Operation Skorpion

scorpion

This was the Axis operation by General Erwin Rommel’s emergent Deutsches Afrikakorps to reach and retake the Halfaya Pass in the immediate aftermath of ‘Brevity’, thereafter reopening the way for an Axis advance into north-western Egypt, and at the same time seek to distract British attention from the Greek theatre where the ‘Merkur’ airborne assault on Crete was about to begin (26/27 May 1941).

The operation was Rommel’s first significant undertaking against General Sir Archibald Wavell’s British forces in Egypt after the Oberkommando der Wehrmacht and Oberkommando des Heeres had decided to send a Sperrverband ‘Libyen’ (Libyan blocking force) to Libya in support of the Italians, whose 10th Army, under the command of Generale d’Armata Annibale Bergonzoli, had been routed by the British-led forces in ‘Compass’.

At this time the British-led forces in the Western Desert were elements of Lieutenant General Sir Noel Beresford-Peirse’s Western Desert Force, and included Brigadier W. H. E. Gott’s Mobile Force. On 15 May, at the beginning of the ‘Brevity’ probing operation, the Mobile Force to the east of Sollum had a Coast Group on the coastal road and farther inland Brigadier I. D. Erskine’s 22nd Guards Brigade Group and Brigadier H. F. Russell’s 7th Armoured Brigade Group. The unsuccessful end of ‘Brevity’ left the Coast Group (2/Rifle Brigade and one regiment of field artillery) in possession of the narrow coastal shelf below the Halfaya escarpment and the two brigade groups on the open ground inland of the escarpment with only the Halfaya Pass providing them with access to the coastal strip and associated road to the east of Sollum.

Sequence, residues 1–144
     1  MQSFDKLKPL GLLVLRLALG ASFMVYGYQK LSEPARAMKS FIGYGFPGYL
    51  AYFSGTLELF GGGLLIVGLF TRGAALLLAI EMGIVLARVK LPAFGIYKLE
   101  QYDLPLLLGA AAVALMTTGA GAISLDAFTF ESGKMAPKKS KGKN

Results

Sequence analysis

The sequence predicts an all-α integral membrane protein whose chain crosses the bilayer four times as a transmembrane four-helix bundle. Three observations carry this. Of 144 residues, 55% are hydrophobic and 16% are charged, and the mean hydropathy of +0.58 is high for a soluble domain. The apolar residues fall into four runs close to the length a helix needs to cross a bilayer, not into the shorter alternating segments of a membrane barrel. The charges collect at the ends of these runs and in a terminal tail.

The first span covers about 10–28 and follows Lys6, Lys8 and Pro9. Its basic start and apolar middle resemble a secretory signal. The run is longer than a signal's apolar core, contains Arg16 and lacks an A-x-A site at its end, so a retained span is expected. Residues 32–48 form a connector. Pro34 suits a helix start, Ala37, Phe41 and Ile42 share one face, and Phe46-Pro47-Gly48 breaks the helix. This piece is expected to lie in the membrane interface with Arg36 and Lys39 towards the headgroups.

In the ‘Skorpion’ undertaking which now unfolded, the German blocking force changed decisively from its originally intended defensive grouping into an offensive force. After a small lull in the fighting following ‘Brevity’, the Germans deployed Oberst Maximilian von Herff’s Kampfgruppe ‘von Herff’ in three assault groups: the 2/5th Panzerregiment was to advance from Sidi Azeiz and retake Fort Capuzzo, von Herff’s own 8th Panzerregiment was to sweep round Sollum from the north-west and fall on the Halfaya Pass from the south-east, and the 54th leichte Regiment was to advance onto the coastal strip via the road linking Musaid and Sollum and then move along the coastal strip past Sollum to take the lower part of the Halfaya Pass.

The Germans had assembled by the evening of 26 May and attacked on the following morning. The 3/Coldstream Guards and some supporting units fought well but could not stop the Germans from securing a commanding position, leaving the British in danger of being surrounded and cut off. During the morning Gott authorised a withdrawal and Lieutenant Colonel Moubray extricated his force with great skill at the cost of 173 casualties, four field guns, eight anti-tank guns, and five infantry tanks. This meant that the Deutsches Afrikakorps had now retaken all the ground, including the vital Halfaya Pass, lost to the British during ‘Brevity’.